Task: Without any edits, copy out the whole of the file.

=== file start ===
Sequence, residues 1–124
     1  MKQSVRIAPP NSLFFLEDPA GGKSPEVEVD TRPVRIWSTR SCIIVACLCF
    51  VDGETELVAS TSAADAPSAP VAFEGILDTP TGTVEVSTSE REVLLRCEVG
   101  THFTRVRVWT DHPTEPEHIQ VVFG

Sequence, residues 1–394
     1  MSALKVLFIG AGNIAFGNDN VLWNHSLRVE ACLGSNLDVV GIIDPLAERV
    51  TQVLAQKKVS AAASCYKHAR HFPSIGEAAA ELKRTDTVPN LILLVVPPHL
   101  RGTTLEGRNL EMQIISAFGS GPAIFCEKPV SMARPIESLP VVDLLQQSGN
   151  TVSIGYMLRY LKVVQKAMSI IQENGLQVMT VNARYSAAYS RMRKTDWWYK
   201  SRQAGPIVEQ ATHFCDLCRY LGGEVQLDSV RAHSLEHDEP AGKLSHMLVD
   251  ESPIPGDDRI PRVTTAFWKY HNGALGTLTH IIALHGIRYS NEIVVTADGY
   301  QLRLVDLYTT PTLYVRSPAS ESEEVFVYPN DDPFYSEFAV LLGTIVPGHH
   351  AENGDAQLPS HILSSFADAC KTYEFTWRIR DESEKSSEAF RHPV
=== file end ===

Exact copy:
Sequence, residues 1–124
     1  MKQSVRIAPP NSLFFLEDPA GGKSPEVEVD TRPVRIWSTR SCIIVACLCF
    51  VDGETELVAS TSAADAPSAP VAFEGILDTP TGTVEVSTSE REVLLRCEVG
   101  THFTRVRVWT DHPTEPEHIQ VVFG

Sequence, residues 1–394
     1  MSALKVLFIG AGNIAFGNDN VLWNHSLRVE ACLGSNLDVV GIIDPLAERV
    51  TQVLAQKKVS AAASCYKHAR HFPSIGEAAA ELKRTDTVPN LILLVVPPHL
   101  RGTTLEGRNL EMQIISAFGS GPAIFCEKPV SMARPIESLP VVDLLQQSGN
   151  TVSIGYMLRY LKVVQKAMSI IQENGLQVMT VNARYSAAYS RMRKTDWWYK
   201  SRQAGPIVEQ ATHFCDLCRY LGGEVQLDSV RAHSLEHDEP AGKLSHMLVD
   251  ESPIPGDDRI PRVTTAFWKY HNGALGTLTH IIALHGIRYS NEIVVTADGY
   301  QLRLVDLYTT PTLYVRSPAS ESEEVFVYPN DDPFYSEFAV LLGTIVPGHH
   351  AENGDAQLPS HILSSFADAC KTYEFTWRIR DESEKSSEAF RHPV